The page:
Running tclsh during WinXP startup? 
Author Message
 Running tclsh during WinXP startup?


We have a Tcl server daemon (no GUI) that receives ::comm messages on a
well-known port and forwards data to a 3rd-party application running on
the same WinXP box.  It runs fine for a logged-in user, but we need it
to start at boot time and be running even when no user is logged in.

I'm aware that we could actually make it a Windows service, but I'm
interested in finding out if there are issues with running tclsh during
WinXP startup (and maybe learn something more about Tcl or WinXP).

One of our developers created some kind of hook in something called MMC,
which I'm not familiar with.  MMC wouldn't launch our .tcl file
directly, so he wrote a 2-liner javascript to launch the .tcl file.  The
javascript works when logged in, but not at startup.  We are certain
it's running at startup, because if we change the launch command to
something erroneous, we get the dialog box during startup.

The server creates a log file when it runs, and that log file isn't
being created.  Since launching the javascript launches the server when
we're logged in, and we're certain the javascript is running at startup,
then something must be preventing the server from running during
startup.  We have checked the sequence, and the javascript *is* being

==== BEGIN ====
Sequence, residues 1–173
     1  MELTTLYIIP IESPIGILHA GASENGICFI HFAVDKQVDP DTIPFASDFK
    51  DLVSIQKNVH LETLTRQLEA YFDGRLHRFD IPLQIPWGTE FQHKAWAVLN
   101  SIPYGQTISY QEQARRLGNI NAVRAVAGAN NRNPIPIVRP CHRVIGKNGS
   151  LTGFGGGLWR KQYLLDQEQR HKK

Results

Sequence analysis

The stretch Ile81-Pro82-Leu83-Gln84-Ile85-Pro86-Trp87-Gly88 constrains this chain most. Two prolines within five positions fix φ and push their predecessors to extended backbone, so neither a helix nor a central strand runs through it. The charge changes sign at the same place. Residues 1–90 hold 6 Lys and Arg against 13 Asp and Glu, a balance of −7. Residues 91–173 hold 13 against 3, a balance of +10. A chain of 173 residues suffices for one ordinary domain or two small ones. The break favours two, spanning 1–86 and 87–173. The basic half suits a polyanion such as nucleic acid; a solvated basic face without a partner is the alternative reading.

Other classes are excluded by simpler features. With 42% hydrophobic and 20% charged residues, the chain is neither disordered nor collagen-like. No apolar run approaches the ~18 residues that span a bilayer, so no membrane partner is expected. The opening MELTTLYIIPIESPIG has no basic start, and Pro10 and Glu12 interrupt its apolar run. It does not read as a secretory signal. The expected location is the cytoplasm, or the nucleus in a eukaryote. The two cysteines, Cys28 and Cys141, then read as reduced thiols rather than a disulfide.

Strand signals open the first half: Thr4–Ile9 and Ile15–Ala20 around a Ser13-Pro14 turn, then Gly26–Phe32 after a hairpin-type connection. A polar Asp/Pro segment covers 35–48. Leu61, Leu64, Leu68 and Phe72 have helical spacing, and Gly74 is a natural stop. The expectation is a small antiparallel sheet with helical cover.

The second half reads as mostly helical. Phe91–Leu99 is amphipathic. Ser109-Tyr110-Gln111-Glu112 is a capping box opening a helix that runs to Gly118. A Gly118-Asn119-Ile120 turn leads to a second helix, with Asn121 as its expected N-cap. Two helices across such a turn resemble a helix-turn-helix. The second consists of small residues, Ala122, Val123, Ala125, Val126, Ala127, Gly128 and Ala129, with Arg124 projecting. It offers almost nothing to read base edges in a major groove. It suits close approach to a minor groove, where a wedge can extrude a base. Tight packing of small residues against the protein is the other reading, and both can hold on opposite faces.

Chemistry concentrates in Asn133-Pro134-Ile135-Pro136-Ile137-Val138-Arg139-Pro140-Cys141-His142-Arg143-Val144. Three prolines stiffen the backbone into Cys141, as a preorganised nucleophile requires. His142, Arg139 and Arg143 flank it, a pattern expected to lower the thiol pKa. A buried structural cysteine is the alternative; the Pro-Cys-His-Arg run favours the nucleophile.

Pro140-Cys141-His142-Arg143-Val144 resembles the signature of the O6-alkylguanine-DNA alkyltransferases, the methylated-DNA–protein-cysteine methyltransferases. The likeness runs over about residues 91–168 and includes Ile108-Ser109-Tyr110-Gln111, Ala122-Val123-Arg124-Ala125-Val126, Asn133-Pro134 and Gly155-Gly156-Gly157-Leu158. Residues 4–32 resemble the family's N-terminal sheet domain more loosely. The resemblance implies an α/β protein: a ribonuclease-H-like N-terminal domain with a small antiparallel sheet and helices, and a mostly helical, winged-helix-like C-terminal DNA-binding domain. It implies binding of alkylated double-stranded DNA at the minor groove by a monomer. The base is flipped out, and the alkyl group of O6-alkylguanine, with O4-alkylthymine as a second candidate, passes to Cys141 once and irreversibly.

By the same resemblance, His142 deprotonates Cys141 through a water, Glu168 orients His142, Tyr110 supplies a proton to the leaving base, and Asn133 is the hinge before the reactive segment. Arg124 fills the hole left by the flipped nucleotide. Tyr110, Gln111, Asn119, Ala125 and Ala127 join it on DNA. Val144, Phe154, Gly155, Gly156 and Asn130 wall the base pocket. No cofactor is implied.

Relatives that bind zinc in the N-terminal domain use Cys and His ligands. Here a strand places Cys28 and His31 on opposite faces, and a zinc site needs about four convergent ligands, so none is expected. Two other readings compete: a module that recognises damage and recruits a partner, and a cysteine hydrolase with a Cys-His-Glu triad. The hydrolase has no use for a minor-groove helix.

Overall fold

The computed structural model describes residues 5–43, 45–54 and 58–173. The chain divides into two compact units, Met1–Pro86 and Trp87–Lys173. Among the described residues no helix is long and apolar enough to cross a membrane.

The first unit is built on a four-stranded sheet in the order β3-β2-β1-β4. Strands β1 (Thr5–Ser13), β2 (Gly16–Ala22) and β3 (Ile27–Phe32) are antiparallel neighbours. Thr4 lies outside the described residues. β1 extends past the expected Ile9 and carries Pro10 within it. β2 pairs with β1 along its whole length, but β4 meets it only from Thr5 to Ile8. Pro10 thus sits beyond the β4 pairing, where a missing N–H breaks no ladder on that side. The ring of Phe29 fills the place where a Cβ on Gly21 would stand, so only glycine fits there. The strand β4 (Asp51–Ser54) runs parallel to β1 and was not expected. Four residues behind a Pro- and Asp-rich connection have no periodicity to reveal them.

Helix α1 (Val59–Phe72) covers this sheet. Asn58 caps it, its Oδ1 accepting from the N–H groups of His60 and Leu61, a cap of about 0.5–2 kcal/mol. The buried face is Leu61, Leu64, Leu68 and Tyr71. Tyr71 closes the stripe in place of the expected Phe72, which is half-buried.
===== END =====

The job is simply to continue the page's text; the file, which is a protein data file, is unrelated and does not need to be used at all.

run *after* networking has been established.

Any ideas?

The developer suggested making the server a starpack.  I think that
would work, but I want to know what's going on first.

Sat, 13 Sep 2008 23:29:25 GMT  
 Running tclsh during WinXP startup?
I got the platform wrong... it's Windows 2000 Server.

Sun, 14 Sep 2008 01:19:45 GMT  
 Running tclsh during WinXP startup?
Windows itself will not let you do what you describe unless you like
big blue screens. Your best bet is to run it as a service. You do not
have to be logged in for that service to work.


Sun, 14 Sep 2008 09:33:16 GMT  
 Running tclsh during WinXP startup?


> Windows itself will not let you do what you describe

I'm curious *why*, though.  Tclsvc can run Tcl during startup, so I
wonder how it does that (I haven't looked at the source code yet).  Is
it just a matter of having the right waits, catches, and retries so the
app doesn't get ahead of the OS as it loads?

> Your best bet is to run it as a service.

We used Michael Kraus' nice extension to Tclsvc to run it as a service,
and it works just fine.

Mon, 15 Sep 2008 20:10:55 GMT  
 Running tclsh during WinXP startup?
I guess I would have you define "run during startup". Windows loads
things in a certain order and services I believe come last or close to
it. You can "coopt" the boot experience, as I know a defragger that
does that, but when it is done it reboots so Windows can cycle up
correctly. I don't know of anything that can "ride along" the boot
process from initial power up to the login screen.

I am not a Windows boot sequence guru though so I *can* be wrong about
this. I would still say a "service" is what you want.


Tue, 16 Sep 2008 06:53:59 GMT  
 [ 6 post ] 

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